The Secret to Asking Sales Questions Assertively, Not Aggressively



Questions are some of the most valuable tools in a salesperson’s arsenal. With a well-crafted inquiry, reps can open their prospect’s mind to a new possibility, compel them to action, discover relevant information, or secure buy-in for the next step.

But if reps ask questions aggressively, they won’t get that far.

Instead, they’ll alienate prospects or even anger them -- and unsurprisingly, angry prospects aren’t eager to talk.

The silver lining? There’s a simple test for differentiating between aggressive and assertive questions.

How to Tell an Aggressive Sales Question From an Assertive One

When attempting to determine whether a question is aggressive or assertive, length is your first clue. In general, longer questions usually feel more aggressive than assertive ones. When the salesperson leads with intent or context, prospects can feel pressured to respond a certain way. Getting right to the point, on the other hand, makes prospects feel like they can answer however they’d like.

That brings me to the second indicator -- the format. Aggressive questions start with the rep’s reasoning and then segue into the actual request, like so:

“It’ll probably take less time if I speak to your HR department myself. Who should I contact?”

Compare that to a question that cuts to the chase:

“Is anyone in HR assigned to this area?”

The first variation comes across as far more pushy. The decision to speak to HR sounds like a foregone conclusion, because the rep has introduced their reasoning first. The salesperson is also taking for granted their choice is the right one for the buyer -- and that’s a dangerous assumption to make.

The second variation leaves room for the buyer to introduce an alternative (like talking to HR herself, or suggesting a different contact), enabling buyer and rep to come to a mutually agreed-upon next step.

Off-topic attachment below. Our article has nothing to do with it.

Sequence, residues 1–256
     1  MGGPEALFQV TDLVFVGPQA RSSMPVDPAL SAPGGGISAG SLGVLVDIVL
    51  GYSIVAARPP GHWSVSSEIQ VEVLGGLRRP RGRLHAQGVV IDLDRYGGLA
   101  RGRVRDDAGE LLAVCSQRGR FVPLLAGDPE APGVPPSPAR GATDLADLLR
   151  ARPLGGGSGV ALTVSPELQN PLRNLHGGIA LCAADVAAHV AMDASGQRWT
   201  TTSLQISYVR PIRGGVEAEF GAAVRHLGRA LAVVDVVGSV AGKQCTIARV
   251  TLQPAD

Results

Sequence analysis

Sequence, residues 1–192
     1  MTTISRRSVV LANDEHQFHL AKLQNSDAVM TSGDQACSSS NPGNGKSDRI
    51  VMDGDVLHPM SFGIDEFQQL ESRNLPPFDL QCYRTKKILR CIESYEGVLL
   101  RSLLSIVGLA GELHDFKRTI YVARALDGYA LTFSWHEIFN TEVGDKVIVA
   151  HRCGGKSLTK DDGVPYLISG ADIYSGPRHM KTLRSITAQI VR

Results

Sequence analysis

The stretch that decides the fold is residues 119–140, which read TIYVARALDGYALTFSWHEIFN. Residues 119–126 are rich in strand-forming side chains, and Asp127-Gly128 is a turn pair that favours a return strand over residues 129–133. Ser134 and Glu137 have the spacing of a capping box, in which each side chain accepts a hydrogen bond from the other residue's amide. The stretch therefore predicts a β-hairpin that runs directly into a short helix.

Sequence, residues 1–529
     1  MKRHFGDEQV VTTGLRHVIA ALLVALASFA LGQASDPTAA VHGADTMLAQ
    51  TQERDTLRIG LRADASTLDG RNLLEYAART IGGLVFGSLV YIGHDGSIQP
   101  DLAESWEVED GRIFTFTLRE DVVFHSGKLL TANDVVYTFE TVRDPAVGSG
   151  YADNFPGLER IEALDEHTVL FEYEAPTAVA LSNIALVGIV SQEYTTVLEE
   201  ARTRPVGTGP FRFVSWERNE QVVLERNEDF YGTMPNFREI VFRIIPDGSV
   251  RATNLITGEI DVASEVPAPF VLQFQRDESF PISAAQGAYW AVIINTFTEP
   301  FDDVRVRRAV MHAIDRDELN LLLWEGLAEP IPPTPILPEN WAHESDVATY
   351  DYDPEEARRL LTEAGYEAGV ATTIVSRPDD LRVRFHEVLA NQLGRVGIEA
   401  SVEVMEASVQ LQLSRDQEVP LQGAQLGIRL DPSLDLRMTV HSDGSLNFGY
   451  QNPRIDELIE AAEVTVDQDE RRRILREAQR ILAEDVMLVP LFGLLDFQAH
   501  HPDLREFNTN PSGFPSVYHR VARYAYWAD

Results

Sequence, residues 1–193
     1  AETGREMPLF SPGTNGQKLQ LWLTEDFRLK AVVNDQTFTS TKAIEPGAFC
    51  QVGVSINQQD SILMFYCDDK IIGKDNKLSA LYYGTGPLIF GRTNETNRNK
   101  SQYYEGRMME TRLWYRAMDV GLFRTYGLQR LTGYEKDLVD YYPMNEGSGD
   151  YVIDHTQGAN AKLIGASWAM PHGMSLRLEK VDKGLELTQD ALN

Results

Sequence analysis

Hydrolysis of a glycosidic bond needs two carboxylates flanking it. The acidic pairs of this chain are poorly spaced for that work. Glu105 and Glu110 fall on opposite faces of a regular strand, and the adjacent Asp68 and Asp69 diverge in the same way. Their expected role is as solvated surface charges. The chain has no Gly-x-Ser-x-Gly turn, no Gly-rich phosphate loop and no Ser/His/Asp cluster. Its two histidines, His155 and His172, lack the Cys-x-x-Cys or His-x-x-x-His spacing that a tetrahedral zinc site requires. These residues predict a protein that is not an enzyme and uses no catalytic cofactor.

The Formula For Assertive Sales Questions

Reps can turn an aggressive question into an assertive one by asking it in one sentence. This rule forces them to cut out all preface, leaving only the core ask.

Here’s an example:

Before:“The events team will definitely want to come to the demo so they can evaluate our offering too. When would be a good time for all of us to meet?”

After:“Is there a good time for you, me and the events team to meet for a demo?”

Of course, the salesperson should provide an explanation if their prospect requests it. Imagine that in the above scenario, the buyer says, “Wait, why should the events team attend this meeting?”

The rep might reply, “If the events team manages their mobile bookings through the tool, it would free up operations to focus more attention on assisting your team.”

With that context, the buyer can either approve the events team’s attendance, or say it’s not necessary.

There’s an added benefit to asking one-sentence questions. When reps keep their queries short, they never fall into the trap of nervous rambling. It’s easy to accidentally ask a two, three, or even four-part question -- but doing so can easily confuse or even overwhelm a prospect.

Seasoned salespeople usually find that brief, focused questions keep the conversation on track and decrease potential hesitation. While it can feel awkward or rude at first to immediately get to the heart of the question, the more reps practice this technique, the more comfortable they become.

Walking the line between assertive and aggressive takes effort -- and the way salespeople ask questions is just one aspect. However, if you want to project confidence, involve your prospect in the decision-making process, and keep them focused, it’s always best to stick to single-sentence questions and skip the upfront explanation.

For more of Jeff’s advice and expertise on sales prospecting and management techniques come see him live in San Francisco on 10/17 or in Boston on 10/24. Learn more.

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